Wednesday, February 15, 2006

Crawford Not For Sentencing

In United States v. Katzopoulos, the Sixth Circuit affirmed the district court's imposition of sentence. The most important holding is that the confrontation clause does not apply at sentencing. The Court also found that district court's alternative sentence not violative of Booker under its previous holding in Christopher.

In Katzopoulos, the defendant argued that pursuant to the Supreme Court’s 2004 ruling in Crawford v. Washington, the district court’s admission of a postal inspector’s hearsay evidence at the sentencing hearing, which helped establish the sentencing enhancements, as a violation of his Sixth Amendment right to confrontation. 541 U.S. 36 (2004).

In denying defendant's claim, the Sixth Circuit indicated that the issue was still somewhat in the air in that it has not been specifically addressed by the Supreme Court. I suppose we all need to object at sentencings to preserve the issue and then continue to appeal the issue until the Supremes finally make an affirmative ruling on this issue.

The following is a quote from the opininon that may come in handy when arguing against the use of the testimonial hearsay not subject to prior cross examination:

"Courts have questioned the continuing validity of allowing testimonial hearsay at sentencing post-Crawford and post-Booker. The Eleventh Circuit noted, "[w]hile [the Crawford rule] may eventually be extended to the sentencing context, that has not happened yet." Chau, 426 F.3d at 1323. In ruling that Crawford did not apply at the sentencing in the particular case, a West Virginia District Court stated, "[f]or hotly contested issues, however, the truth-seeking function of the Confrontation Clause deserves attention at sentencing." United States v. Gray, 362 F.Supp.2d 714, 725 (2005). This Court has recently stated that "[i]t is an open question in this circuit whether our rule that ‘confrontation rights do not apply in sentencing hearings. . . ’ applies after Crawford." Ston, 432 F.3d at 654 (quoting Silverman, 976 F.2d at 1510). Though the cases may be a broad signal of the future, there is nothing specific in Blakely, Booker or Crawford that would cause this Court to reverse its long-settled rule of law that Confrontation Clause permits the admission of testimonial hearsay evidence at sentencing proceedings.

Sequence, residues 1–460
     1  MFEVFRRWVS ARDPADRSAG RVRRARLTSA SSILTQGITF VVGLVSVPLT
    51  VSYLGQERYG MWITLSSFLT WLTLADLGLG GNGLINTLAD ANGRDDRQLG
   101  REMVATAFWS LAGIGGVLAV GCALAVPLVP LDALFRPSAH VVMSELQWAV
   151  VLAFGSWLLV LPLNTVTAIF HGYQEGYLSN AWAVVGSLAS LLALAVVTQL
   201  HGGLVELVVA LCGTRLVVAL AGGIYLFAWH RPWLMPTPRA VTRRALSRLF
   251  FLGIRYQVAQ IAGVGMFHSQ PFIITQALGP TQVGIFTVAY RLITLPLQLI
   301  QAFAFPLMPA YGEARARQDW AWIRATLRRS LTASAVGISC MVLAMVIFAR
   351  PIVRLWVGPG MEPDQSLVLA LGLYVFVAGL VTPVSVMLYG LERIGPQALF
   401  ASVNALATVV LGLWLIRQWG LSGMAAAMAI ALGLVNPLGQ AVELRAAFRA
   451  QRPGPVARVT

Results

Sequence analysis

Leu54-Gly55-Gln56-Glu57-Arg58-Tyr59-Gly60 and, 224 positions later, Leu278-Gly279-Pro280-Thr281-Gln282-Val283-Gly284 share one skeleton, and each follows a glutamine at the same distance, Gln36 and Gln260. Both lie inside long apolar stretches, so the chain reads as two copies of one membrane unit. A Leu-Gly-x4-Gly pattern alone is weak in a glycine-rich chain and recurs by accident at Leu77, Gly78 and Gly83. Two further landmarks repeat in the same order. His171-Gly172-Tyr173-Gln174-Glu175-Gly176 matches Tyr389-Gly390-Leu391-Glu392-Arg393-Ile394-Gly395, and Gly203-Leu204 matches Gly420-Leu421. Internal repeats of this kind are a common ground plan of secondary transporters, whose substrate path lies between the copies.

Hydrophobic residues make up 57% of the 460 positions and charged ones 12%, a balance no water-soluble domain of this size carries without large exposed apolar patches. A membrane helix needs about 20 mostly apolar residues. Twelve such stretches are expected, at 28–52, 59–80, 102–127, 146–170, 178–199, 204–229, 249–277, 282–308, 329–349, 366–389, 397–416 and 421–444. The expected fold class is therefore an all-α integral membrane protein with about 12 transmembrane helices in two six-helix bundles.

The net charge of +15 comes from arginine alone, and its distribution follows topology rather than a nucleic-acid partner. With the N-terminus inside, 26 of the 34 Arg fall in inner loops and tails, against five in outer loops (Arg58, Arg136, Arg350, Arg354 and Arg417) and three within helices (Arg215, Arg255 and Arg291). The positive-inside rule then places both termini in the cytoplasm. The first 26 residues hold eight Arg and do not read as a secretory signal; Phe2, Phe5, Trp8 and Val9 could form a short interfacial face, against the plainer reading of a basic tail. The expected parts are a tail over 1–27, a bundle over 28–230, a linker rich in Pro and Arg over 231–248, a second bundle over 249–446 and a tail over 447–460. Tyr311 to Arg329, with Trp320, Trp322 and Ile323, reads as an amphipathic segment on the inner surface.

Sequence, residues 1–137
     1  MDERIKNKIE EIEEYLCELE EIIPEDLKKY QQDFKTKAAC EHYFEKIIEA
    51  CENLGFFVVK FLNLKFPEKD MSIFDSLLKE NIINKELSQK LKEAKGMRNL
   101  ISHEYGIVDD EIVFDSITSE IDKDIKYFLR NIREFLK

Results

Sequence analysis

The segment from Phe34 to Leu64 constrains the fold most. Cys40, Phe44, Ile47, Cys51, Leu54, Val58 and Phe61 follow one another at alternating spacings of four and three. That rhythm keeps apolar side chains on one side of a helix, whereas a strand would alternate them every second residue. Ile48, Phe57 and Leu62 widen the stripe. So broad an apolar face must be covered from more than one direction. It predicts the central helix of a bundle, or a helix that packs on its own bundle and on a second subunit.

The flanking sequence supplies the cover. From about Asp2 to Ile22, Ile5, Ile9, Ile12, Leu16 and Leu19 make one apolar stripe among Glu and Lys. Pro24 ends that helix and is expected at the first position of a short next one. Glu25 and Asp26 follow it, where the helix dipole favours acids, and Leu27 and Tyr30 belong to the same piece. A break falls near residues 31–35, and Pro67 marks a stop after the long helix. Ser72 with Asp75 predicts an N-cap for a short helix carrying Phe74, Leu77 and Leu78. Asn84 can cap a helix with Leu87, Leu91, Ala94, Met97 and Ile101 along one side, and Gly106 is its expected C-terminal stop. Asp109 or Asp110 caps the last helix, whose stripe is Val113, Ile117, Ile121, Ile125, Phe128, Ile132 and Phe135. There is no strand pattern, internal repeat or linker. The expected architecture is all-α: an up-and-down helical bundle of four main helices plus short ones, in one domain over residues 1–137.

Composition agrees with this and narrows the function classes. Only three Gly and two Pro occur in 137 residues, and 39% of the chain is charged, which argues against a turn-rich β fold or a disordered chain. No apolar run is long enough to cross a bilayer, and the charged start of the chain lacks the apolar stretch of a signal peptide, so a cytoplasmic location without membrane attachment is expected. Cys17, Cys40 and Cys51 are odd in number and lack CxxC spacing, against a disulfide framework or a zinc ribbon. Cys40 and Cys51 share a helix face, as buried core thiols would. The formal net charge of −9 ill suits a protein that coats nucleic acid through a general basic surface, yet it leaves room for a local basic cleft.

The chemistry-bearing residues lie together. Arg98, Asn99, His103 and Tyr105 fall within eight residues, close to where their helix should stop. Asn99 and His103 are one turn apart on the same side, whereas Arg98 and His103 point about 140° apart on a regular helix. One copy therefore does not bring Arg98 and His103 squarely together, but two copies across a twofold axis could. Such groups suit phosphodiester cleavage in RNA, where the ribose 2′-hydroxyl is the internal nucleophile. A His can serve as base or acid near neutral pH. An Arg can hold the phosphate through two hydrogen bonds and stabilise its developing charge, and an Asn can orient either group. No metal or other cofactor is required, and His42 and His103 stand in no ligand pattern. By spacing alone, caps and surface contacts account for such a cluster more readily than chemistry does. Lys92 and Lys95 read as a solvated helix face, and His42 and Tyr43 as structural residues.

Bottom line is expect to lose at the district court, expect to lose at the Sixth Circuit, file for writ and hopefully by the time that the Supreme Court finally decides the issue your case is still ongoing. If you fail to do this, your client may be out of luck if there is no retroactive application.

[Thank you to attorney Ned Germany of the Memphis Federal Public Defender's Office for this post]

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